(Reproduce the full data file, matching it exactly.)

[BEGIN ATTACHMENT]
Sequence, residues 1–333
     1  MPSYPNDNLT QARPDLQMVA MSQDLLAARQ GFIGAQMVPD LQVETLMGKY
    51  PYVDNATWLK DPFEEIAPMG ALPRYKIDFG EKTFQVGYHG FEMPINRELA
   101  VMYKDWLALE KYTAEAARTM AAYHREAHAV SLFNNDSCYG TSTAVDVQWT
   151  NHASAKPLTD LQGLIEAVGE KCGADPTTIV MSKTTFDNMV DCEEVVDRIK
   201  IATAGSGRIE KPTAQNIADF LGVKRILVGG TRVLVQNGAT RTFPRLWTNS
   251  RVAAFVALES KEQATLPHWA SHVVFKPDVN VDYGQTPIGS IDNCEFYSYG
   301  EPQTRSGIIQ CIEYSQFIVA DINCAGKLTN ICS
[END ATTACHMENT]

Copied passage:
Sequence, residues 1–333
     1  MPSYPNDNLT QARPDLQMVA MSQDLLAARQ GFIGAQMVPD LQVETLMGKY
    51  PYVDNATWLK DPFEEIAPMG ALPRYKIDFG EKTFQVGYHG FEMPINRELA
   101  VMYKDWLALE KYTAEAARTM AAYHREAHAV SLFNNDSCYG TSTAVDVQWT
   151  NHASAKPLTD LQGLIEAVGE KCGADPTTIV MSKTTFDNMV DCEEVVDRIK
   201  IATAGSGRIE KPTAQNIADF LGVKRILVGG TRVLVQNGAT RTFPRLWTNS
   251  RVAAFVALES KEQATLPHWA SHVVFKPDVN VDYGQTPIGS IDNCEFYSYG
   301  EPQTRSGIIQ CIEYSQFIVA DINCAGKLTN ICS